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Attractants, pattern recognition, and DNA analysis paw
Zoo ResearchAttractants, pattern recognition, and DNA analysis: Combining three new tools to advance clouded leopard understanding and conservation

Dawn Tanner, PhD, Conservation Biology Program at the University of Minnesota

This project aimed to improve the success of remote-cameras sets and collection of genetic material to increase knowledge about population dynamics and help to identify critical conservation areas. Clouded leopards are almost exclusively studied in the wild by using remote cameras and collecting genetic samples through scat and hair. These studies identify presence-absence and estimate abundance of clouded leopards to improve conservation efforts. Genetic samples improve population estimates by providing insight into recent population isolation, gene flow among populations, and diversity. In her current work, Dr. Tanner, identified three areas where specific steps could be taken to improve remote-camera studies of leopards in field settings: the effectiveness of visual and scent attractants, the improvement of preservation of samples for DNA analysis, and the accuracy of pattern recognition software. Dr. Tanner and her team worked with the population of captive clouded leopards at the Smithsonian Conservation Biology Institute (SCBI), Virginia, USA, to test and refine these three objectives.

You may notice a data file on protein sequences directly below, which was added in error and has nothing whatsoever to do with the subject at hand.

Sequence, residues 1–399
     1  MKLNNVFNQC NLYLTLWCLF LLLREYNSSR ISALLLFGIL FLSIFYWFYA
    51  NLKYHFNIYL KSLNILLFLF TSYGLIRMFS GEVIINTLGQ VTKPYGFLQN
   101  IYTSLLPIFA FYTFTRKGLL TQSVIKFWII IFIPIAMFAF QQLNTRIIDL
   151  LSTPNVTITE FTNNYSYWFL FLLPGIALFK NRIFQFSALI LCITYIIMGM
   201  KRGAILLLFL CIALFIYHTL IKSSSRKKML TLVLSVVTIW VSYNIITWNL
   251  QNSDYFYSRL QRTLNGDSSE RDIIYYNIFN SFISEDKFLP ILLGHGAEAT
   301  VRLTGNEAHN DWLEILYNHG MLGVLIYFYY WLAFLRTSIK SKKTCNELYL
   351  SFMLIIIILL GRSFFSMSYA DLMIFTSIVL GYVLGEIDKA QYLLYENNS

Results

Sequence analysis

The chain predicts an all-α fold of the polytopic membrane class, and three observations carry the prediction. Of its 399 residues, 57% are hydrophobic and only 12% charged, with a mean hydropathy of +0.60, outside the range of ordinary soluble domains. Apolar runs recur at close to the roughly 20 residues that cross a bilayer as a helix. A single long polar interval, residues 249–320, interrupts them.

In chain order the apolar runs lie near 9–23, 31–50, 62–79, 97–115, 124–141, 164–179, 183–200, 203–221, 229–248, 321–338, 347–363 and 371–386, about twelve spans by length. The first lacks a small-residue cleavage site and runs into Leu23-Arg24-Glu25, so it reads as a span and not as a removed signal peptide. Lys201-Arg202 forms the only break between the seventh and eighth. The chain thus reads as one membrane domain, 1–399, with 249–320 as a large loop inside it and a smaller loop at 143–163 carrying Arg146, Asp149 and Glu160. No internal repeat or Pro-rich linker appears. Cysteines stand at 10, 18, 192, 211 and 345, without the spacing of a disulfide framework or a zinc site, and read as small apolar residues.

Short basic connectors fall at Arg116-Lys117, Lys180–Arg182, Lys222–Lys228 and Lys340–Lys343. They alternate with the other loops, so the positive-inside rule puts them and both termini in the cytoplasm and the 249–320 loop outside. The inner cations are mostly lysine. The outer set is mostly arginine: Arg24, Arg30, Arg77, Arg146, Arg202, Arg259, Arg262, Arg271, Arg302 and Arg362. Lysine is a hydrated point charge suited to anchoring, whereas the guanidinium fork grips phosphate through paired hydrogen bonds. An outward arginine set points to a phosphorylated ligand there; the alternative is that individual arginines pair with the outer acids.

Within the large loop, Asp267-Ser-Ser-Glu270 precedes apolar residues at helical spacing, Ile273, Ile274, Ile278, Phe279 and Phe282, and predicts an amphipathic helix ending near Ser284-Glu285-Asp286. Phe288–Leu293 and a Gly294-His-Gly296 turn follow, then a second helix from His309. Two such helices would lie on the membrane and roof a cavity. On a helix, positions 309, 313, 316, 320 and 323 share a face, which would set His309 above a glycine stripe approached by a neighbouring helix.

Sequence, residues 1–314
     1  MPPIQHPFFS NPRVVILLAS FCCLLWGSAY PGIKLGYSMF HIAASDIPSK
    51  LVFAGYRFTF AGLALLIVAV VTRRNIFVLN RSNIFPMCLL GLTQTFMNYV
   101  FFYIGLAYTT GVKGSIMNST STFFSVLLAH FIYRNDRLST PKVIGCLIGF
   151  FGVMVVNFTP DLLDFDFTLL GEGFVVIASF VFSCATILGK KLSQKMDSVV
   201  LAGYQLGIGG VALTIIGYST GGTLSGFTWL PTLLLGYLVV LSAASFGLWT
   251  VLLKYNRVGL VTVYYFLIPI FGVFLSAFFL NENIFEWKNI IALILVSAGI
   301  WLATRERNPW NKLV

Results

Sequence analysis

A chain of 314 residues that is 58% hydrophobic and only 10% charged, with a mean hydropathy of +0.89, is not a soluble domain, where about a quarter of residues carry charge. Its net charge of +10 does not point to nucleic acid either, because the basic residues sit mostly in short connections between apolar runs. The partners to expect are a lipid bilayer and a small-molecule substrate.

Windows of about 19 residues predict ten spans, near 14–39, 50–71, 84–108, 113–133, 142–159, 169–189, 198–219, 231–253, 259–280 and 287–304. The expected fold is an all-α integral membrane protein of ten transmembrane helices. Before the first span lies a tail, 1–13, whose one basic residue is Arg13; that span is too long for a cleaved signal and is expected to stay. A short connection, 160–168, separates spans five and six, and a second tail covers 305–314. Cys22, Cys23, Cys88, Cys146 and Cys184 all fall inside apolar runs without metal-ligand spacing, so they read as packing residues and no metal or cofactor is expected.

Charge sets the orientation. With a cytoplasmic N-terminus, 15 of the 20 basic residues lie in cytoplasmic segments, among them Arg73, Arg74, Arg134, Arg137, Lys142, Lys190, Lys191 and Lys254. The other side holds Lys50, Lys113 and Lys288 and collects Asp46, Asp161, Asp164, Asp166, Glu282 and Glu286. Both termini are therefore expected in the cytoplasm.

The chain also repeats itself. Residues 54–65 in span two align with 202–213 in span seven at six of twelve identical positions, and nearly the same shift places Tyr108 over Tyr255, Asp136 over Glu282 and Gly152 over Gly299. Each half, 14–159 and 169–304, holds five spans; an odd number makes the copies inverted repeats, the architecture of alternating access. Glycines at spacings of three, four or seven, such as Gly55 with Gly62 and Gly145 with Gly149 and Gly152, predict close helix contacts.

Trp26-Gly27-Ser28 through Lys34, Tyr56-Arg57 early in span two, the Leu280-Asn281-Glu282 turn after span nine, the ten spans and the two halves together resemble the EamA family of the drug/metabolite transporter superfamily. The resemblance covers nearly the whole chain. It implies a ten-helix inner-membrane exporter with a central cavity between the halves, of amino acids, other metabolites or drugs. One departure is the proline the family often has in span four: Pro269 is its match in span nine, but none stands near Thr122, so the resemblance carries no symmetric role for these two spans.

Dr. Tanner and Jessica Kordell (SCBI) worked with the population of captive clouded leopards at the Smithsonian Conservation Biology Institute (SCBI), Virginia, U.S.A., during August 2011. Scent and visual attractants are used to focus the activity of target animals (i.e. clouded leopards) and may help to overcome some of the animals’ instinctive behavior to avoid human scent and foreign objects, including remote cameras. This project tested five scent and two visual ttractants, which had been used in peer-reviewed studies on wild felids and other carnivores, against a control (no attractant). Scent attractants included: scat from a different clouded leopards, skunk gland and Hawbaker’s wild cat lure, Gusto and dried catnip, Mega Musk, and predator-survey scent disks soaked in fatty acids from USDA Animal and Plant Health Inspection Service Wildlife Services Pocatello Supply Depot. Scent attractants were applied to lamb’s wool placed in clear Pyrex containers. The control treatment contained lambs’ wool only in a Pyrex container.

Visual attractants included a suspended metal pie tin and a group of 8-12 suspended tail or primary wing feathers from wild turkeys. It is possible that feathers contained residual olfactory cues; these cues were considered small compared with the olfactory stimuli of scent attractants made with animal gland derivatives or fatty acids.

Patrick Zimmerman (School of Statistics, University of Minnesota) guided and contributed to the statistical analysis of this work. Turkey feathers and U.S. Department of Agriculture (USDA) scent disks were the best-performing visual and scent attractants (P < 0.05 vs. control). A combination of the two was not significantly different from either individual treatment (P > 0.05). That work was recently published (Tanner and Zimmerman 2012). The next step for this work will be to test optimal attractants in a field setting.